# Fields aren't group objects in Ab, so what are they?

This might be a vague question, but I am troubled by the fact that fields do not admit a nifty categorical definition. An obvious attempt such a definition would be to say that fields are commutative groups in $\mathcal{Ab}$, using that rings are monoids. This fails because the tensor product isn't the categorical product and thus doesn't have diagonals.

Can this be fixed using a more general definition of a group object [1] or can the definition of a field be relaxed in a sensible way?

Is this issue with definability related to why the category of fields is badly behaved? (eg. no limits / colimits, lack of a "free field") [2]

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It can still be done. You just need more diagrams to ensure you have a 1, that $0\neq 1$, distributivity, etc. If I have time later I'll upload an answer. In short, fields will be field-objects in the category of sets. – David White Nov 15 '13 at 21:05
Related: mathoverflow.net/questions/3003 – Martin Brandenburg Nov 17 '13 at 8:02

Fields are the simple objects in $\text{CRing}$.

Edit: Some philosophical remarks. Elements having inverses is a property and not a structure, so in some sense it's not obviously a good idea to treat the inverse as extra structure. Talking about group objects instead of just monoid objects can really only be done in cartesian monoidal categories; in general you instead want to talk about monoid objects with some extra property. For example, Poisson-Lie groups are not group objects in the category of Poisson manifolds (which is not cartesian monoidal). Similarly, Hopf algebras are not group objects in the category of coalgebras (which is again not cartesian monoidal).

For commutative rings "$x$ is invertible" should be thought of as "the ideal generated by $x$ is the unit ideal," and of course this holds for all nonzero $x$ if and only if there are no nontrivial quotients. This suggests that if we want to generalize the definition of a field to other categories similar to $\text{CRing}$ then we should try to generalize this condition.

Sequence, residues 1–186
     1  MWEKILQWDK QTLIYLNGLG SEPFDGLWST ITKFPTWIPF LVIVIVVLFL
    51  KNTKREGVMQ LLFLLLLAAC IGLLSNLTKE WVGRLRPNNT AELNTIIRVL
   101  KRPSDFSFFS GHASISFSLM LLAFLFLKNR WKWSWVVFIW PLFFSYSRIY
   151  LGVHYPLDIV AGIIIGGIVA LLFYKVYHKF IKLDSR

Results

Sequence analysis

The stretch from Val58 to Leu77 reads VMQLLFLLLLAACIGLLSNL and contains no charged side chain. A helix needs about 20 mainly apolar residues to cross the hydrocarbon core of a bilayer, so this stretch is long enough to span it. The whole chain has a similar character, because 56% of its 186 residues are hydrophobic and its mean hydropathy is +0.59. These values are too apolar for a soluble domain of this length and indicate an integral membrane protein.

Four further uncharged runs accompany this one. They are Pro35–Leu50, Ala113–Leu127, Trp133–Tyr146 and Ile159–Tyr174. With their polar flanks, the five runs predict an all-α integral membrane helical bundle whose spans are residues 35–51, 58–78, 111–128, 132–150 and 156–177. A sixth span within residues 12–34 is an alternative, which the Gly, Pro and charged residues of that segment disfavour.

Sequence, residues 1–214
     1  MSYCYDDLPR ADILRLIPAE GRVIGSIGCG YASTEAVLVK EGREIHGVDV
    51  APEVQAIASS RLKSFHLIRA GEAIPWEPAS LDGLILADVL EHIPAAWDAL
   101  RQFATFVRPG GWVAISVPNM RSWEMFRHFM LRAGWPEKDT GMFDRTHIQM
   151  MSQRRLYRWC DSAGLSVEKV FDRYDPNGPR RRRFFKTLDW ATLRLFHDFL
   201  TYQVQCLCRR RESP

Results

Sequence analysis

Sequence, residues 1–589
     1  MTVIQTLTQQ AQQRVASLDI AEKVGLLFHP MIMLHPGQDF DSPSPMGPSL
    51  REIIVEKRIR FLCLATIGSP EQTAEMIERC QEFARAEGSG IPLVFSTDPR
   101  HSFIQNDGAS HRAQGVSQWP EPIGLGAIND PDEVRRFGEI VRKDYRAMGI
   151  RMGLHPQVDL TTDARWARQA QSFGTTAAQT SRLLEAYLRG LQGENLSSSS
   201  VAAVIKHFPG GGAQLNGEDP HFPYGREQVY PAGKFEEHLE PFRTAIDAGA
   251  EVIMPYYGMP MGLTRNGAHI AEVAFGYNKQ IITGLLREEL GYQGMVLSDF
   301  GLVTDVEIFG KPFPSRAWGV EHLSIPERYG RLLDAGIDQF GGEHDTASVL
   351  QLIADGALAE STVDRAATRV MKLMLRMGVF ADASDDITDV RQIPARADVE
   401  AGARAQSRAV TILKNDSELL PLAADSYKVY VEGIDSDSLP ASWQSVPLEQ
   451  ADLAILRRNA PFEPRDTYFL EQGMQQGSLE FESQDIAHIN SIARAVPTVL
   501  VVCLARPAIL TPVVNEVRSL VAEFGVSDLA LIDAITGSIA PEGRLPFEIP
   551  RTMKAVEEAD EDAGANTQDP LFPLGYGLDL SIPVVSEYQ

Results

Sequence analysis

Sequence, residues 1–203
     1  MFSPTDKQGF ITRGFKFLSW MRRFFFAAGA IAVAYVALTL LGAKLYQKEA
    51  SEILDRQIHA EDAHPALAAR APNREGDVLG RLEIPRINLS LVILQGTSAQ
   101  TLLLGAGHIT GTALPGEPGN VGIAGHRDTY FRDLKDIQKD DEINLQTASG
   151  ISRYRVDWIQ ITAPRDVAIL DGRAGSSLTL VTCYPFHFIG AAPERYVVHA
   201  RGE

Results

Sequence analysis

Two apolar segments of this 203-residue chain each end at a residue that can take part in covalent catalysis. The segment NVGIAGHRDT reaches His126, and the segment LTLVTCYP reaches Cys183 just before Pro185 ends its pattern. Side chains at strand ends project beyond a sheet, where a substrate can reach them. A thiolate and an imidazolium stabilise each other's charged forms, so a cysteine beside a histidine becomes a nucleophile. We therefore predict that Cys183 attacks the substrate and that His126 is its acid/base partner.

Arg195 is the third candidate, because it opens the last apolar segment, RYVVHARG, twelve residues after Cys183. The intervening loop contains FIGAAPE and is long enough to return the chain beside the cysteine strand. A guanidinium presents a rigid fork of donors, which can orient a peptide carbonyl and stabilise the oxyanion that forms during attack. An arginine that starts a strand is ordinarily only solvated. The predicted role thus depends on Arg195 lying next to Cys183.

Example. For graded rings the natural generalization is "the homogeneous ideal generated by $x$ is the unit ideal." This is true precisely for graded rings such that every nonzero homogeneous element is invertible, such as the ring of Laurent polynomials over a field.

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nLab defines simple objects for categories with zero objects, and the considers the category of unital rings with $0\neq 1$, which has no zero object. – Fernando Muro Nov 15 '13 at 21:44
Hmm. Well, we get a zero object if we move to non-unital rings so this doesn't seem like a big deal. – Qiaochu Yuan Nov 15 '13 at 21:52
@Kris: the zero ring is not a zero object in the category of unital rings. It is only the terminal object, while the initial object is $\mathbb{Z}$. – Qiaochu Yuan Nov 15 '13 at 23:39
As for the last paragraph: Actually there is a well-known notion of "graded field" (defined for example by the condition that every graded module is graded-free), and every such is isomorphic to $K[x,x^{-1}]$ for some field $K$. – Martin Brandenburg Nov 17 '13 at 8:03
"if we want to generalize the definition of a field to other categories similar to CRing" ... we could look for example at Yves Diers book Categories of commutative algebras, where field objects in arbitrary so-called Zariski categories are defined. Actually just by the condition that they are simple. But the nlab article on fields also explains how to internalize the notion of a field using pullbacks. – Martin Brandenburg Nov 17 '13 at 8:06

Perhaps it is better to think of fields as particularly nice local rings. Local rings can be defined internal to a topos, and indeed this is (EDIT: related to) why stalks of sheaves of rings field-valued functions (EDIT: on schemes) turn out to be local rings. As far as a category-theoretic view on fields, there are several ways to look at them, as discussed at the nLab entry field in the section 'constructive notions'; note that here one can essentially ignore the constructivism, and think of these as different ways to specify a field object in a category (with appropriate structure/properties). The categories of various types of internal fields can given by the categories of models for various limit-colimit sketches, with the different notions given by different sketches. Group and ring objects are given by models of Lawvere theories, which are sketches using only cones over discrete diagrams - too simple to give the full definition of a field.

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"this is why stalks of sheaves of rings turn out to be local rings" Well this is not true. This the difference between locally ringed spaces and ringed spaces (and as usual you may replace "space" by "topos" here). – Martin Brandenburg Nov 17 '13 at 8:00
I probably should have said 'on schemes'. Also, I was thinking of the specific case of field-valued functions - so I shall edit it shortly. – David Roberts Nov 17 '13 at 20:39